For those in BC these tournaments will be run on a weekly basis. Check out the British Columbia PokéCenter group on FaceBook for details.

You’re not getting away! Perish Trapping Team

Get back here! You’re not getting away!

Hello hat lovers!

Today I have another VGC team analysis. This team is based around the move Perish Song, which after usage leaves all Pokemon on the field 3 turns to live unless they switch out. If one of your Pokemon has the ability Shadow Tag, the opponent won’t be able to switch out and be forced to lose their first two Pokemon at the end of the 4th turn.

I got this idea from watching battles on Pokemon Showdown. When I saw the team I didn’t think much of it, considering it gimmicky and not fit for a high level of play. After seeing it in action I realized that this team is surprisingly legit. There are a handful of ways to play around perish-trapping (known as PT from now on), but if an opponent doesn’t have any of these they will lose. The teams that can play around PT still aren’t guaranteed the win. When the PT strategy fails the team can still fall back on Gengar’s amazing Special attack and bulky offence.

Only when 3 turns have passed
shall I permit you to die

Gengar @ Gengarite
Ability: Levitate
Level: 50
EVs: 252 HP / 4 Def / 252 Spd
Timid Nature
– Perish Song
– Protect
– Shadow Ball
– Hypnosis

Mega-Gengar is the core of the team, being able to use Perish Song and Shadow Tag by itself. Gengar’s favourite partners are Scrafty and Greninja as they offer it a turn of protection while it uses Perish Song. Protect keeps it alive for the second turn, and Hypnosis will give a shot at surviving the third. If Gengar is KO’d on the third turn you can still send in Gothitelle and ensure the first two opponents are KO’d. Shadow Ball is used so that Gengar can deal with opposing Ghost Pokemon that aren’t affected by Shadow Tag. While Gengar isn’t a bulky Pokemon its been able to survive Greninja’s Dark Pulse and neutral physical attacks after Intimidate.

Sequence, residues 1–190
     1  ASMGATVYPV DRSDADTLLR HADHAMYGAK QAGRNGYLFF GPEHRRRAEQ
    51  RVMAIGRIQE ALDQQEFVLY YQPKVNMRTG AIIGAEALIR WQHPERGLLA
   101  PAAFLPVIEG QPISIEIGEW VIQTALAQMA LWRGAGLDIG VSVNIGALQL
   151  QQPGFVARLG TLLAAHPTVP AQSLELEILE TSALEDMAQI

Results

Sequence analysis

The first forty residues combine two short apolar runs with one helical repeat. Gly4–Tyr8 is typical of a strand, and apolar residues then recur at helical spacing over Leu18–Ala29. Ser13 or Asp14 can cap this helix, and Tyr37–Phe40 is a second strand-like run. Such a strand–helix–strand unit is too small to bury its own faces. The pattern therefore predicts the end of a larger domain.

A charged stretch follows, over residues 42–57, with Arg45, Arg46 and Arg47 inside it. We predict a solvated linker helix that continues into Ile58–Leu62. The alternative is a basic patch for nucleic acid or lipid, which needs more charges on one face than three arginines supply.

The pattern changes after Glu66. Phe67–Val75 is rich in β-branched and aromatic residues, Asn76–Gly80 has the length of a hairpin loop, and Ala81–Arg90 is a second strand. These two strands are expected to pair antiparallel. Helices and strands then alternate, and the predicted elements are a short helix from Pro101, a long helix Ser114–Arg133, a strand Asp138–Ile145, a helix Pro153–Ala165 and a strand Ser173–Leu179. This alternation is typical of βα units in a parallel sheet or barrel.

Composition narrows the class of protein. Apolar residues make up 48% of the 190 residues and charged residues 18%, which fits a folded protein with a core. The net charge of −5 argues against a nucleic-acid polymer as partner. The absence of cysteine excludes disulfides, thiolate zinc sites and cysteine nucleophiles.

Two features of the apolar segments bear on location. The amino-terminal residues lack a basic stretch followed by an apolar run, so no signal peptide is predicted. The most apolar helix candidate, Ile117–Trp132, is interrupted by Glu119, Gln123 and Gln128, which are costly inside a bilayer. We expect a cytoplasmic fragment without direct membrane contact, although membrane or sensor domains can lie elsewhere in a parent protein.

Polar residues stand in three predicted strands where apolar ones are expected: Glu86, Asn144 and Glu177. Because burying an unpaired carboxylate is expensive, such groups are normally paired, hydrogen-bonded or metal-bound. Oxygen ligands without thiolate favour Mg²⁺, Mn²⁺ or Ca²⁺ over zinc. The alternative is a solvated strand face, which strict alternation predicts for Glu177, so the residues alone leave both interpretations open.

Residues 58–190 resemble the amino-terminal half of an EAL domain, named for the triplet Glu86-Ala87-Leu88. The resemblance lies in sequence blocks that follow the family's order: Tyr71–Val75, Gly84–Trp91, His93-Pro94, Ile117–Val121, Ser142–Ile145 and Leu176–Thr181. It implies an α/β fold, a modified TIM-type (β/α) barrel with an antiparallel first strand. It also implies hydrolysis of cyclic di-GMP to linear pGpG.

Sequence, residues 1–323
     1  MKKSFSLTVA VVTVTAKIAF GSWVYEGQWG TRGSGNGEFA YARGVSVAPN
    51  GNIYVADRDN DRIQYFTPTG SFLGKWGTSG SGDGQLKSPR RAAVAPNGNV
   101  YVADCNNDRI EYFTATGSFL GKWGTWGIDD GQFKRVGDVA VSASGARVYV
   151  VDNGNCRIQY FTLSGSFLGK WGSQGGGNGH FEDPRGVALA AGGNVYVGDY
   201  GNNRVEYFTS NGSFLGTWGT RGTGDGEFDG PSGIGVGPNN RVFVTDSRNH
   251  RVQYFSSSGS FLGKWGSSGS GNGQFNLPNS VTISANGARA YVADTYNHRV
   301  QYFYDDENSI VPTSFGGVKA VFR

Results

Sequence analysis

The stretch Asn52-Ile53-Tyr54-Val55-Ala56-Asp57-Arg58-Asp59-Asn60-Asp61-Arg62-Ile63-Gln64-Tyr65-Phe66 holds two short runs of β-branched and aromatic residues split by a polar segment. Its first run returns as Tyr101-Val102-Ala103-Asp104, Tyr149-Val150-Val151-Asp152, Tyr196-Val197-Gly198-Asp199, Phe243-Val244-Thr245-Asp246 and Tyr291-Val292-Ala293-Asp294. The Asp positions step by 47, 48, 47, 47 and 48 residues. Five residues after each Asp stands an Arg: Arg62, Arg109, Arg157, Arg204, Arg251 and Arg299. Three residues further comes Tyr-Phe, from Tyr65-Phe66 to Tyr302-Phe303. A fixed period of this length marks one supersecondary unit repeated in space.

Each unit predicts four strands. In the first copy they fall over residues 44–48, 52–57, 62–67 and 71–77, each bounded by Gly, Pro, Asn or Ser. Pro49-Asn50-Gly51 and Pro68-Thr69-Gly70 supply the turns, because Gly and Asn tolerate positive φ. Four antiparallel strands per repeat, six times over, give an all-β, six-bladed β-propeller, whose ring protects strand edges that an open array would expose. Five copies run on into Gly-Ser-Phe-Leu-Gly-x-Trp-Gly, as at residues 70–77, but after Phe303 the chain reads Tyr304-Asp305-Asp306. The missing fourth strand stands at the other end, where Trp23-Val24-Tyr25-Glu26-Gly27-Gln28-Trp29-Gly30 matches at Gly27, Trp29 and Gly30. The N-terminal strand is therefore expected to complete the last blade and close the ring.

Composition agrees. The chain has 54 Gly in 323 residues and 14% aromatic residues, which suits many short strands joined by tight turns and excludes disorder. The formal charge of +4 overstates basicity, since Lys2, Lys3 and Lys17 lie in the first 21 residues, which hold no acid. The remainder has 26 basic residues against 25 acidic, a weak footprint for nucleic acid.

*Perish Song Gengar won’t be available until Pokebank is released.

You came to the wrong neighbourhood

Scrafty @ Chople Berry
Ability: Intimidate
Level: 50
EVs: 252 HP / 116 Def / 140 SDef
Relaxed Nature
IVs: 0 Spd
– Fake Out
– Detect
– Drain Punch
– Crunch

Scrafty is the default partner for Gengar. Scrafty provides Fake Out and Intimidate support to keep Gengar safe on the first turn. After that Scrafty is pretty much just another meat shield to keep you from sending out one of your reserve Pokemon too soon. Detect is used over Protect because the animation is cooler, and because of the common VGC misconception that someone at a tournament is going to be packing Imprison. Drain Punch and Crunch are used to help Scrafty deal with Dark and Ghost types that threaten Gengar.

Gothitelle @ Sitrus Berry

In VGC we also sit across a Gothitelle
waiting for all our Pokemon to die.

Ability: Shadow Tag
Level: 50
EVs: 252 HP / 180 Def / 76 SDef
Sassy Nature
IVs: 0 Spd
– Protect
– Light Screen
– Reflect
– Trick Room

Gothitelle is part of phase 2. If Gengar goes down before the first 2 Pokemon are KO’d Gothitelle steps in to make sure they go down on the third turn. Gothitelle has Trick Room to make everything on the team bar Gengar move first. This allows the team’s slower Perish Song user to attack first and lets Gothitelle set up screens to keep the team alive long enough to win. It is important to mention that If all remaining Pokemon perish on the same turn the player with the slowest Pokemon wins.